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The Increasing Risks of Background Checks

New laws and emerging privacy rights complicate an already-difficult process.

An image of a folder with a pen and a pencil.
​​Illustration by Dale Glasgow for HR Magazine


In the wake of new legislation, background checks that used to take place as a matter of course may now be worth reconsidering. At a minimum, HR should be prepared to navigate more carefully the intersection between privacy laws and employment practices to comply with multiple state and federal requirements.

Roughly half of all employers use credit checks in the job application process, according to Society for Human Resource Management research. But at a time when many people are struggling to make ends meet, some legislators and employment experts argue that using credit reports in this manner is unfair—and not particularly useful, since these screens are irrelevant to many positions and may be more likely to reflect economic hardship than a lack of judgment. 

Indeed, a growing number of states, including California, Colorado, Connecticut, Hawaii, Illinois, Maryland, Nevada, Oregon, Vermont and Washington, restrict companies from making employment decisions based on an applicant’s credit report.

Moreover, even when companies are permitted to use such information in adverse decisions, the Fair Credit Reporting Act (FCRA) requires employers to provide applicants with a copy of their credit report. In addition, a clear and concise description of their rights under the FCRA is required before the report is procured. This gives job seekers the opportunity to correct inaccuracies before the prospective employer makes any decisions based on the information.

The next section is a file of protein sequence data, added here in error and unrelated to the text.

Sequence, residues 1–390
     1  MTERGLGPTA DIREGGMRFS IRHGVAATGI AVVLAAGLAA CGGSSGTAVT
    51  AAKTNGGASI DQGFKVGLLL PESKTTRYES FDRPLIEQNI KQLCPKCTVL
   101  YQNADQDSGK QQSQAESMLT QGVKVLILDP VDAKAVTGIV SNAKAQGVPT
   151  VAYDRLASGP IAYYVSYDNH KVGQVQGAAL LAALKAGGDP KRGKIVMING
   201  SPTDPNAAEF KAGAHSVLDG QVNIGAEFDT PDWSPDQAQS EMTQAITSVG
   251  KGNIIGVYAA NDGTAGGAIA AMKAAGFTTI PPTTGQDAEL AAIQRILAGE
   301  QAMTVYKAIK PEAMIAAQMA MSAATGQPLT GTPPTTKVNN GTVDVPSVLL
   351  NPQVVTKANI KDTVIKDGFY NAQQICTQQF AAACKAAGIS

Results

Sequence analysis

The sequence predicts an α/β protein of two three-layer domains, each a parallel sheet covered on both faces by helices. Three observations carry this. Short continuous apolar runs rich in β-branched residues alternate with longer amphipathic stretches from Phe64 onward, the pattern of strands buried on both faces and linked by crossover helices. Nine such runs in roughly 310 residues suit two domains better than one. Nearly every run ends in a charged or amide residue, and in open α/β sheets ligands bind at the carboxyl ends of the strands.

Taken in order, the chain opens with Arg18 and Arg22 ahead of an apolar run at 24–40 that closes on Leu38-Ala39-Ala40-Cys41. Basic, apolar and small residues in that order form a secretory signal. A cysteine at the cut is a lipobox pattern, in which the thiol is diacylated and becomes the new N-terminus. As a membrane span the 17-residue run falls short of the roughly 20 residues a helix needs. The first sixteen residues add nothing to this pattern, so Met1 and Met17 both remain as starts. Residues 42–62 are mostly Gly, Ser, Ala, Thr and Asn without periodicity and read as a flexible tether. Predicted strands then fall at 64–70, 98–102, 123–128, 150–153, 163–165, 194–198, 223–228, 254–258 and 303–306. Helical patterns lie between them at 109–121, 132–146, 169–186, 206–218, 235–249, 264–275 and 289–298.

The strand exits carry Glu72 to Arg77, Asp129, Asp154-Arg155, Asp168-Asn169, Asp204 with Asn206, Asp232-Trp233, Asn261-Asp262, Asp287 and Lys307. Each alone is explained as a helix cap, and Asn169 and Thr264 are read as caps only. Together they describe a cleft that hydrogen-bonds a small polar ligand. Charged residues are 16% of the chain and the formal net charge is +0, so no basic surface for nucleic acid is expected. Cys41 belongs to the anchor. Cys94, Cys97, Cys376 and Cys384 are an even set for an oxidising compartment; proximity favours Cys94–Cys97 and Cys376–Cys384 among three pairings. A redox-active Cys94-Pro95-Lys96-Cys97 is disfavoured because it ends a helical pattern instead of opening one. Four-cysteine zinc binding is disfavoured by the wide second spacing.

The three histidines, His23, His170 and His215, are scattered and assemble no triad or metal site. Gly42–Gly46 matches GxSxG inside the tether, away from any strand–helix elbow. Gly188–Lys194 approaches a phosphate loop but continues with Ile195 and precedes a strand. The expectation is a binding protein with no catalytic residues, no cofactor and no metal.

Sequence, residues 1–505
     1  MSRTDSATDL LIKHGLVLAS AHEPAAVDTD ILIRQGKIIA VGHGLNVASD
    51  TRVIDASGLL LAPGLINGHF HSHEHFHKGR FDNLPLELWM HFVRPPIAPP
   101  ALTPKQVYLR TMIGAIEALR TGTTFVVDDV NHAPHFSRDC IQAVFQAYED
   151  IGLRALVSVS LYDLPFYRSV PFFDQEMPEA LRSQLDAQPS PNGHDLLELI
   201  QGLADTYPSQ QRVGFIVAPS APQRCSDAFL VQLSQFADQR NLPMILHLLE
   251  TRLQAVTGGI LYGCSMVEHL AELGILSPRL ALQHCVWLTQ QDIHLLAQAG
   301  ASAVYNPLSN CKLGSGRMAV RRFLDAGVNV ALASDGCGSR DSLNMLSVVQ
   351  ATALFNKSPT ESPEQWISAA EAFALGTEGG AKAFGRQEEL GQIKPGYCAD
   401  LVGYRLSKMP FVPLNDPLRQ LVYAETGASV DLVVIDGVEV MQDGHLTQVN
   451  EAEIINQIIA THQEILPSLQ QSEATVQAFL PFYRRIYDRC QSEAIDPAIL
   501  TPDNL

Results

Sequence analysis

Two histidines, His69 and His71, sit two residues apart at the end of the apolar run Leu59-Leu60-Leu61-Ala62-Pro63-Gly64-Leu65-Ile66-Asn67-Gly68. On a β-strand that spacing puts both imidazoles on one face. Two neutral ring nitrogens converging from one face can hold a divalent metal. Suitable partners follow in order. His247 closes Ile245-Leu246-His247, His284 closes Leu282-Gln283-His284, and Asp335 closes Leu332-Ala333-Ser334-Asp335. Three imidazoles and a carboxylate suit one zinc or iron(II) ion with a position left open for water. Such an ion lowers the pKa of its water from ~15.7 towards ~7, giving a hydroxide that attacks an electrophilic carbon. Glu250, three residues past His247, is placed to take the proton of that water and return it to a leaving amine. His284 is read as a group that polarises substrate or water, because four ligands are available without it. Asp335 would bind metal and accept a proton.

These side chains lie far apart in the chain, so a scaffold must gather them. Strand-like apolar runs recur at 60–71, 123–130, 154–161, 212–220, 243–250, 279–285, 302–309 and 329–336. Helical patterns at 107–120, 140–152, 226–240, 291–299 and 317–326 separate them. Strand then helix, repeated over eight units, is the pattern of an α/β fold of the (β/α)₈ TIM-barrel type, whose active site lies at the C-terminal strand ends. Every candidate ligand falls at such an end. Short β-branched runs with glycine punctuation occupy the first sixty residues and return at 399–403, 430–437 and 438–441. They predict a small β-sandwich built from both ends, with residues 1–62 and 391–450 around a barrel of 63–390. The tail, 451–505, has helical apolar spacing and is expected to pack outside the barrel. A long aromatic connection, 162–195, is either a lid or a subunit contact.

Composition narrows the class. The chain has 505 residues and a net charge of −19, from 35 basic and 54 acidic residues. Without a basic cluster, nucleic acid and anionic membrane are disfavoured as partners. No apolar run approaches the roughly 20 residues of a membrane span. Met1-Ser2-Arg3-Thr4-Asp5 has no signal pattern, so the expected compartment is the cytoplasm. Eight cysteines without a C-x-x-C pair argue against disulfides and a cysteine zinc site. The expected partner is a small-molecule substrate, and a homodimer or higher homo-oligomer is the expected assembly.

Criminal Checks

Over the past several years, the Equal Employment Opportunity Commission has sought to limit employers from asking applicants about their criminal records based on a growing concern that such policies disproportionately affect black and Hispanic individuals from job opportunities. National data show that people in these groups are arrested and incarcerated at rates disproportionate to their numbers in the general population. 

Meanwhile, at the state and local levels, a movement to “ban the box”—that is, to refrain from asking job seekers to check a box on an employment application if they have a criminal history—has caught fire. At least 24 states and 150 cities and counties have passed laws that require companies to wait to ask about a job seeker’s criminal background until after he or she has been found to have met the initial qualifications for a position. 

When HR professionals do ask applicants about their criminal histories, they must be careful not to seek too much information or to improperly use what they learn. The FCRA generally permits consumer reporting agencies to report on adverse items relating to crimes other than convictions of crimes for only up to seven years. Nonconviction adverse information is limited to seven years; there is no time limit on conviction data.

Additionally, many states have legislation with specific restrictions on the types of inquiries employers are allowed to make. These states include California, Colorado, Kansas, Maryland, Massachusetts, Montana, Nevada, New Hampshire, New Mexico, New York and Washington. 

Such state laws also typically disallow companies from asking about sealed or expunged convictions or about juvenile crimes. California and several other states prohibit the use of sex-offender information obtained from their respective Megan’s Law websites. For all the states that have this restriction, improper use can result in the company being held liable for actual and punitive damages, attorney fees, and civil penalties. 

Safeguarding Information